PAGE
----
Scientific Research Publishing

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Scientific Research Publishing
Logo,scientific research publishing.png
Status Active
Founded 2007 (2007)
Country of origin China
Headquarters location Wuhan
Distribution Worldwide
Key people Huaibei Zhou [1]
Publication types Academic journals and books
Nonfiction topics Life sciences, economics, chemistry, computer science, environmental sciences, engineering, medicine, physics, mathematics, social sciences
Number of employees About 160[citation needed]
Official website www.scirp.org

Scientific Research Publishing is an academic publisher of peer-reviewed open-access electronic journals, conference proceedings, and scientific anthologies.[2] As of 2014, it offers more than 200 English language open access journals in the areas of science, technology, business, economy, and medicine. Its principal place of business is in Wuhan, China.[1] It is a registered corporation in the state of Delaware, USA. First registration was in 2007.[1] The company has been accused of being a predatory open access publisher, and of abusing bulk email.[2]

Open access type[edit]

According to Scientific Research Publishing's website it publishes fee-based open-access journals (gold OA). In addition, authors are permitted to archive their work (green OA). Pre-print, post-print and the publisher's version (PDF) may be used.[3] According to Scientific Research Publishing's website it is fully open on reader rights (open access), reuse rights (based on CC-BY or CC BY-NC) as well as author rights (authors hold copyright with no restrictions).[1]

Controversies[edit]

Scientific Research Publishing has been included in a list of questionable open access publishers,[4][5] according to Jeffrey Beall's criteria.[6] Beall states that "This publisher exists for two reasons. First, it exists to exploit the author-pays Open Access model to generate revenue, and second, it serves as an easy place for foreign (chiefly Chinese) authors to publish overseas and increase their academic status." He acknowledges that its fees are relatively low, describing this as "a strategy that increases article submissions," and that "it has attracted some quality article submissions. Nevertheless, it is really a vanity press."[2]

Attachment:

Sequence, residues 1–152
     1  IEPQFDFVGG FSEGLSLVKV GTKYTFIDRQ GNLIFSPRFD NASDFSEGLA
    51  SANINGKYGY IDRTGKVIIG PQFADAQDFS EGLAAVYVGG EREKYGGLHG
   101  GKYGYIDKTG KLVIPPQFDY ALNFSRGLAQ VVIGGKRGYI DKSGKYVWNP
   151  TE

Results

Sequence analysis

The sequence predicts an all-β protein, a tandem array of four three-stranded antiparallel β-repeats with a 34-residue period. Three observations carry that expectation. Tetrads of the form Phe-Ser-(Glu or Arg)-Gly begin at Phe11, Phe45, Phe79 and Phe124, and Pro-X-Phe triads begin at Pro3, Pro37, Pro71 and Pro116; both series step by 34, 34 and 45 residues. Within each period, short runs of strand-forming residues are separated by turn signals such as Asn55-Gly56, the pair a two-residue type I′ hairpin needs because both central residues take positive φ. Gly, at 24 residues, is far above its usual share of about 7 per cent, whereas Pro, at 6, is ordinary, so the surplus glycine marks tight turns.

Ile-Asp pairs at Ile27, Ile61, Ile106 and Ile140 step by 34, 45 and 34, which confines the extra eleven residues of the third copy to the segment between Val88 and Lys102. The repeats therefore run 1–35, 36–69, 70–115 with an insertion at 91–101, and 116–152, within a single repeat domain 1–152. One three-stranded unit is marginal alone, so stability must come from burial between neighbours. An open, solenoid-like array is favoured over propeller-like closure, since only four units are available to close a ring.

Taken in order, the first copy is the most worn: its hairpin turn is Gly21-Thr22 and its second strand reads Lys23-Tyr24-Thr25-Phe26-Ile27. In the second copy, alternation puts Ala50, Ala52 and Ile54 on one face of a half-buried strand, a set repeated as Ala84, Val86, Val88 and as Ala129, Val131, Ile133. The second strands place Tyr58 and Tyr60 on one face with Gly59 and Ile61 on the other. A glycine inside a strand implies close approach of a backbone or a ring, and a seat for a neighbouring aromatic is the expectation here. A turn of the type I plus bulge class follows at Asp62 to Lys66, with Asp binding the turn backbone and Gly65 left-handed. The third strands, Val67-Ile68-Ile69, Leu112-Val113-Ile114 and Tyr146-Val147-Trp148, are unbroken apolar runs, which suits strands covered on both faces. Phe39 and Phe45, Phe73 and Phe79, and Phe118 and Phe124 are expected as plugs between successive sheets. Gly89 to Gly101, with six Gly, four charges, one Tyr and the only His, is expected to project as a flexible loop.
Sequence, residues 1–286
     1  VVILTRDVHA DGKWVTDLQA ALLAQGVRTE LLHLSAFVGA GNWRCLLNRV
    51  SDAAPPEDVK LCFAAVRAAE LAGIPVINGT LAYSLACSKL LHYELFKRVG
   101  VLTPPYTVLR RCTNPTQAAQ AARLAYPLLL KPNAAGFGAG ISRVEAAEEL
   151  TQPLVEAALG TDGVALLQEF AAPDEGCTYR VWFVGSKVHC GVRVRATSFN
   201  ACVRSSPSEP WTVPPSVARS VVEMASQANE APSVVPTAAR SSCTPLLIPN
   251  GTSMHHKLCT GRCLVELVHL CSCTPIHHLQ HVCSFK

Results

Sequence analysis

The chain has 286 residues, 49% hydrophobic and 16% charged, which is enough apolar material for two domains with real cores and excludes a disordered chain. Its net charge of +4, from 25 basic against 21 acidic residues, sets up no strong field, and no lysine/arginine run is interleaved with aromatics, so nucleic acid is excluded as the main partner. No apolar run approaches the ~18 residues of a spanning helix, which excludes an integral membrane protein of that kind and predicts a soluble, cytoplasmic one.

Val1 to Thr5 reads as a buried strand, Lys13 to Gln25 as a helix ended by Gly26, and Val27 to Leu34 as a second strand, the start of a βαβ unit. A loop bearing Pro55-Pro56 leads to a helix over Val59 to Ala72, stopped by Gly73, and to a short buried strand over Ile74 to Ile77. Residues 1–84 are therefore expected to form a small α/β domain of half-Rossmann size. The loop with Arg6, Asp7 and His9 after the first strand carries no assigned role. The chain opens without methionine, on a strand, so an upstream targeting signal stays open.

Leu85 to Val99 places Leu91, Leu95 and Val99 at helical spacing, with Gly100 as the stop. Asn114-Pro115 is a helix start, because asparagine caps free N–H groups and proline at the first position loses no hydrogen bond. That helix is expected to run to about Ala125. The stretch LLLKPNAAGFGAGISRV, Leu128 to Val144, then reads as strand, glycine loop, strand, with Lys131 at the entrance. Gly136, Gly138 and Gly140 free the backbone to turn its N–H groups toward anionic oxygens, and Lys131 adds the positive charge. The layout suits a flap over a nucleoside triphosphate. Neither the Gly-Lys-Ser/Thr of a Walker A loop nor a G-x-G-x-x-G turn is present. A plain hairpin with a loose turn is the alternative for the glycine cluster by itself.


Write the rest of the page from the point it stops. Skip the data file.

The company generated controversy in 2010 when it was found that its journals duplicated papers which had already been published elsewhere, without notification of or permission from the original author and of the copyright holder.[7] Several of these publications have subsequently been retracted.[8] Some of the journals had listed academics on their editorial boards without their permission or even knowledge, sometimes in fields very different from their own.[9] In 2012, one of its journals, Advances in Pure Mathematics, accepted a paper written by a random text generator. The paper was not published, but only due to its author's unwillingness to pay the publication fee.[10] The company has also been noted for the many unsolicited bulk emails it sends to academics about its journals.[2][9]

See also[edit]

References[edit]

  1. ^ a b c d "AboutUs". SCIRP. Retrieved 2014-06-17. 
  2. ^ a b c d Beall, Jeffrey (April 2012). "Five Scholarly Open Access Publishers". The Charleston Advisor 13 (4): 5–10. doi:10.5260/chara.13.4.5. 
  3. ^ "Scientific Research Publishing". SHERPA. Retrieved 2013-05-28. 
  4. ^ Beall, Jeffrey (2014). "List of Predatory Publishers 2014". Retrieved 2014-04-21. 
  5. ^ Beall, Jeffrey (2014). "Beall's list of potential, possible, or probable predatory scholarly open-access publishers". Retrieved 2014-04-21. 
  6. ^ Beall, Jeffrey (2009-12-01). "Criteria for Determining Predatory Open-Access Publishers (2nd edition)". Retrieved 2013-03-03. 
  7. ^ "Improbable Research - Blog Archive - Strange academic journals: Scam?". Improbable.com. 2009-12-22. Retrieved 2013-03-02. 
  8. ^ "RetractionWatch". 
  9. ^ a b Sanderson, Katharine (2010). "Two new journals copy the old". Nature 463 (7278): 148. doi:10.1038/463148a. PMID 20075892. 
  10. ^ Doctorow, Cory (October 19, 2012). "Math journal accepts computer-generated nonsense paper". BoingBoing. 

External links[edit]